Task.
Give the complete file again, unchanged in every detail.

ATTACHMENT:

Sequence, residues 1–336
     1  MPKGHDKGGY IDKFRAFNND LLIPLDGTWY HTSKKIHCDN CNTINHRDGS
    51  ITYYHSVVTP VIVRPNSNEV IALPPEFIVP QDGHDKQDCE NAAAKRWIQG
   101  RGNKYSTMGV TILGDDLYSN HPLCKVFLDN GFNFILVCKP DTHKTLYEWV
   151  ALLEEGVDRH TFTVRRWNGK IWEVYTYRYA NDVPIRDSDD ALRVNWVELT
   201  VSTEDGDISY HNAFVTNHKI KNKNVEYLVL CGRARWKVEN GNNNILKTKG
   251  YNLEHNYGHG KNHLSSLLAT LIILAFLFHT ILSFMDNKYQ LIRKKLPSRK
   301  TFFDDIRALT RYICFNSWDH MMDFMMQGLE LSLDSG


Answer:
Sequence, residues 1–336
     1  MPKGHDKGGY IDKFRAFNND LLIPLDGTWY HTSKKIHCDN CNTINHRDGS
    51  ITYYHSVVTP VIVRPNSNEV IALPPEFIVP QDGHDKQDCE NAAAKRWIQG
   101  RGNKYSTMGV TILGDDLYSN HPLCKVFLDN GFNFILVCKP DTHKTLYEWV
   151  ALLEEGVDRH TFTVRRWNGK IWEVYTYRYA NDVPIRDSDD ALRVNWVELT
   201  VSTEDGDISY HNAFVTNHKI KNKNVEYLVL CGRARWKVEN GNNNILKTKG
   251  YNLEHNYGHG KNHLSSLLAT LIILAFLFHT ILSFMDNKYQ LIRKKLPSRK
   301  TFFDDIRALT RYICFNSWDH MMDFMMQGLE LSLDSG